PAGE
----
Back up bass

Discussion in 'Basses [DB]' started by NickyBass, Mar 15, 2014.


  1. NickyBass

    NickyBass Supporting Member

    Joined:
    Nov 28, 2005
    Location:
    Southern New Jersey
    I am hoping to get a little perspective on a future purchase. This is not a hybrid ~vs~ ply thread; I know all the pros and cons. It is more about what is more practical given the situation.

    Right now, I am playing 90% classical and I don't foresee that changing too much in the next few years. My main bass was made by Seth Kimmel. I believe that basses are made to be played and I generally don't fear taking my instruments out of the house. I do treat my instruments well. I wipe them down every time I finish playing and when they are not in my hands, they are in their cases. But, I do realize that they are for playing, not for stressing over. I like this little gem that I heard on TB: If the gig is safe enough for me to be there, it is safe enough for my instrument.

    However, there are certain situations where a backup bass does make sense; outdoor concerts, tight pit gigs, maybe a club or two, or when the Kimmel needs to be in the shop.

    The obvious choice, tonally, is a Shen SB150. The hybrid would get me closer to the tone that I want than a ply. I am not worried about cracks or maintenance. Things happen, but I would rather repair a crack on the Shen than my other bass.

    But, just being realistic, I am considering how often I will use the bass. It certainly makes more financial sense to get the lower cost plywood Shen SB100 or SB88. Especially if I am only going to play the bass a few times a year. The other thing that makes me like the the idea of a ply is that it would be a completely different tone that I can use for other genres.

    One other bass that I've started to consider is the Upton Bohemian ply. I have never played one, and this is also more than I want to spend, but I am just entertaining the idea for now. I would have to hear the Shen hybrid next to it to see how I feel.

    I really like the idea of buying a newer instrument. I have played a few older plys and they are nice, but I like the idea of having a back up with the same string length and D neck as my main instrument.
  2. Jeremy Darrow

    Jeremy Darrow

    Joined:
    Apr 6, 2007
    Location:
    Nashville, TN
    Disclosures:
    Endorsing Artist: Genz-Benz Amplifiers
    I would go for the hybrid. I spend a lot of time these days going back and forth between my nice French bass, a pretty good Kay, and my folding bass (also ply) for fly and road dates. While my plywood basses are great, and serve their purpose very well, I always feel a little unsatisfied when playing them. It's unfair to expect a plywood bass of any kind to compete with a good carved bass, so I'm not really complaining. What I'm saying is, if you have the option to get the hybrid, you'll be much happier the few times per year that you do play it. And you'll probably get more money for it should you sell it.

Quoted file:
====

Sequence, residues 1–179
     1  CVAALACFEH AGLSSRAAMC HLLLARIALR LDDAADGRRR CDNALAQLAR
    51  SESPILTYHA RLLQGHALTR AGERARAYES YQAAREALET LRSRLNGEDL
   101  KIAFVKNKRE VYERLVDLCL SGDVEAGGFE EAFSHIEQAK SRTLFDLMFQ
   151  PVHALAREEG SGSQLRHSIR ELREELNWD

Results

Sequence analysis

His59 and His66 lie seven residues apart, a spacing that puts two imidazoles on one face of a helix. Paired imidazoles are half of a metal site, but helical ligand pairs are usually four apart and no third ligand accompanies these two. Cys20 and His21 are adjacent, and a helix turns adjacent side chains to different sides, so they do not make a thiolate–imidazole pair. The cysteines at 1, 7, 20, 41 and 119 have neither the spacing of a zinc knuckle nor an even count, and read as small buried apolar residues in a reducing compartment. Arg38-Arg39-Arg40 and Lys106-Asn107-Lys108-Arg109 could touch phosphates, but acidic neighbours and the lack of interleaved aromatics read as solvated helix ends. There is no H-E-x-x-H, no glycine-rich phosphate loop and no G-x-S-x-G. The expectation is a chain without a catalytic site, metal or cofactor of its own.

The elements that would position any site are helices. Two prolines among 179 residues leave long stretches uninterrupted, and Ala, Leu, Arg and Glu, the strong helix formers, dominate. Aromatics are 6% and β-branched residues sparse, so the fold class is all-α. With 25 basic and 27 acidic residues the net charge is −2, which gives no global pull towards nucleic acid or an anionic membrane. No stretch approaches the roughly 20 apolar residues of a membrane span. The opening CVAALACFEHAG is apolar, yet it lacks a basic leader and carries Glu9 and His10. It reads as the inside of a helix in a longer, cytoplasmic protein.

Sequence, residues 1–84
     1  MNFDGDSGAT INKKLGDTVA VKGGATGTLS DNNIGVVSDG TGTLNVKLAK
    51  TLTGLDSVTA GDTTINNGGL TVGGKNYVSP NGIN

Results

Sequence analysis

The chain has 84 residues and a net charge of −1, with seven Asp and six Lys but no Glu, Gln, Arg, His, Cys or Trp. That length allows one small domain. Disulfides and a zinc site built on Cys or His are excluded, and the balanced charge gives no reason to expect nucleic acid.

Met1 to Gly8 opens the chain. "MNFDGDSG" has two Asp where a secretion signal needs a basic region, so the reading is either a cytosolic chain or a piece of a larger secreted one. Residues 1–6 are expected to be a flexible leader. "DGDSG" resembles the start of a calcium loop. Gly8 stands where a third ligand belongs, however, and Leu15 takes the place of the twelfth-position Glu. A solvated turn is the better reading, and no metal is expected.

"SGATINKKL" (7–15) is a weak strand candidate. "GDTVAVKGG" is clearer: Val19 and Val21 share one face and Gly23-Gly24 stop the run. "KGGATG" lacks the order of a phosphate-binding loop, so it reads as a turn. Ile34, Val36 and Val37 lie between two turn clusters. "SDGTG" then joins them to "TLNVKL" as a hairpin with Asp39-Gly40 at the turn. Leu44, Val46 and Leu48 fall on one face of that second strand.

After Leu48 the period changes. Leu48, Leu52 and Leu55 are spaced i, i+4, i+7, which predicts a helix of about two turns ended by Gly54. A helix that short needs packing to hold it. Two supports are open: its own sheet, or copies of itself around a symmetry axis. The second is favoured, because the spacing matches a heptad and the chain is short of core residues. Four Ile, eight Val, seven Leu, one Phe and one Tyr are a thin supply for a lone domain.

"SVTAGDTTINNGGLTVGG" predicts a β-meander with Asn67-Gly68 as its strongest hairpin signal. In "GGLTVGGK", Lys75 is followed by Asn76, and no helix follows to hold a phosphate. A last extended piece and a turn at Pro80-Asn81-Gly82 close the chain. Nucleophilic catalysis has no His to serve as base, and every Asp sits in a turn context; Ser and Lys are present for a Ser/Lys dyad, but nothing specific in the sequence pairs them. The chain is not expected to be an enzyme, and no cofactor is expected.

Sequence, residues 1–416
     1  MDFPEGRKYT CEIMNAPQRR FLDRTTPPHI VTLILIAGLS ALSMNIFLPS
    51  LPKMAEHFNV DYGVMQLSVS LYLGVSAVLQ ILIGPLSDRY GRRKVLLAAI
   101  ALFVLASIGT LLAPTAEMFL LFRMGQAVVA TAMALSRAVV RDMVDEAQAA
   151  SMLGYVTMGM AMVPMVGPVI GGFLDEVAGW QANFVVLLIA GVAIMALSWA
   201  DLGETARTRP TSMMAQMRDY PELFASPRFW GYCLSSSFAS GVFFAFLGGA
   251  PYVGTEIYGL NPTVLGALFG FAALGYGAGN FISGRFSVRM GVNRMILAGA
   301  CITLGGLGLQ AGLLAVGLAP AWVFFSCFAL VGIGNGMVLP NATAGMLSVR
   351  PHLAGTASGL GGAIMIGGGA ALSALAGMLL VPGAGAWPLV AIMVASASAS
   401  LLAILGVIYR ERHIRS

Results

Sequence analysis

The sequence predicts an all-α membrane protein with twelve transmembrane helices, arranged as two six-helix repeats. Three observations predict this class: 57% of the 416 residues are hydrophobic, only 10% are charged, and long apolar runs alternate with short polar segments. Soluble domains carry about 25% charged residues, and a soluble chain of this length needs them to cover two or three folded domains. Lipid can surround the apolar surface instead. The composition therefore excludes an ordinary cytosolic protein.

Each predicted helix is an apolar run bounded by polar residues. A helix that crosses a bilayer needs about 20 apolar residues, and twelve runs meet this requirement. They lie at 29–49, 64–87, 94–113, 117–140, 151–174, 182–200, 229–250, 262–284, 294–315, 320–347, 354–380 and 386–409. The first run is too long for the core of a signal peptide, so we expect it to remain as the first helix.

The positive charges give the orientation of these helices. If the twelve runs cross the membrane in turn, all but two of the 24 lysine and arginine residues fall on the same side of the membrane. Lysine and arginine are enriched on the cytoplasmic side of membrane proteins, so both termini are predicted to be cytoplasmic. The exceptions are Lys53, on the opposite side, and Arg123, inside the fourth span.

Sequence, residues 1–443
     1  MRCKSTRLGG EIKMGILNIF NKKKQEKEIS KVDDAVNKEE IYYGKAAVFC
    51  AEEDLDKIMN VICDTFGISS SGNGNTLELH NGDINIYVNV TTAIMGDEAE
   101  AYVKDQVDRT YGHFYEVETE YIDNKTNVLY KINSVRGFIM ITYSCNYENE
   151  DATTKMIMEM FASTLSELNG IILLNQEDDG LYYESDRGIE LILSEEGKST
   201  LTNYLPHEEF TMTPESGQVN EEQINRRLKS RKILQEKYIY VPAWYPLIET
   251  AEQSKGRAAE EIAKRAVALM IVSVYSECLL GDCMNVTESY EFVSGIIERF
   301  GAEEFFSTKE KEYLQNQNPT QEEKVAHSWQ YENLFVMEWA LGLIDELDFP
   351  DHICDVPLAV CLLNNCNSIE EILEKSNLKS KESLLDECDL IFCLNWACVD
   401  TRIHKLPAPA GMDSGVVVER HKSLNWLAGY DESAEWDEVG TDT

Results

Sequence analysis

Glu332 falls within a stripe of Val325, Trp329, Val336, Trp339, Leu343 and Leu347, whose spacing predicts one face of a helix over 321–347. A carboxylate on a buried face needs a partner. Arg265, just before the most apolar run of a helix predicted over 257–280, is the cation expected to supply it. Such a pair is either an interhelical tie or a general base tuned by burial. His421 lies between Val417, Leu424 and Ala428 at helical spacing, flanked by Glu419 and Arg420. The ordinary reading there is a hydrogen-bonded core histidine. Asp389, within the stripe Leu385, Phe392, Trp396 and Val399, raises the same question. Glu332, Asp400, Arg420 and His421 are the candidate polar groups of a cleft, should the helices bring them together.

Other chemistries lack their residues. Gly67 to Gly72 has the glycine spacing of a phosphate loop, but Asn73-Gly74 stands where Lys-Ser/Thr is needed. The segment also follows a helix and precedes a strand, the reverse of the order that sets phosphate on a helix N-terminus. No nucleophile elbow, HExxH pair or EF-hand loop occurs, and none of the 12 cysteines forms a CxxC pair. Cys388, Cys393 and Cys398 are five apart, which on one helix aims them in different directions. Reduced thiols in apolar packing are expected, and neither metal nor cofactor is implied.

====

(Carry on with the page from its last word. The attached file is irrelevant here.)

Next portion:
By the way, I had coffee with Kevin MacConnell the other day, he's on the road a little bit these days and was around Nashville for a couple of days.
  3. drurb

    drurb Oracle, Ancient Order of Rass Hattur; Mem. #1, EPC Supporting Member

    Joined:
    Apr 17, 2004
    Location:
    Connecticut
    My thoughts, exactly. :)
  4. NickyBass

    NickyBass Supporting Member

    Joined:
    Nov 28, 2005
    Location:
    Southern New Jersey
    Thanks for the replies. At first, and putting cost aside for a minute, the Shen hybrid seemed like the obvious choice. However, I threw the Upton in the mix because I am wondering if it might get the tone of a Shen hybrid, but with the durability of a ply. In my search, I played a Pfretzchner ply that was set up so nicely as to put it more on par, tonally, with most hybrids that I've played. It had a new fingerboard and bass bar, so the construction helped to make it sound better too. Unfortunately, that bass didn't have the dimensions that I was looking for.

    The other nice thing about the Upton is that I can customize it to be more personal and they are two states away should I have any issues.

    Jeremey, I haven't seen Kevin for 12 years. It would be nice to catch up.
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  6. drurb

    drurb Oracle, Ancient Order of Rass Hattur; Mem. #1, EPC Supporting Member

    Joined:
    Apr 17, 2004
    Location:
    Connecticut
    No ply bass will match the tone of a good hybrid. What you've pointed out, however, is that there are other factors to be considered, including design, ergonomics, durability, potential for customization, etc. Add to that the fact that some plys can achieve a very satisfactory sound and it seems you should pay a visit to Upton's shop for some first-hand (literally :)) experience. Of course, play the Shen as well.
  7. MikeCanada

    MikeCanada

    Joined:
    Aug 30, 2011
    Location:
    Toronto, ON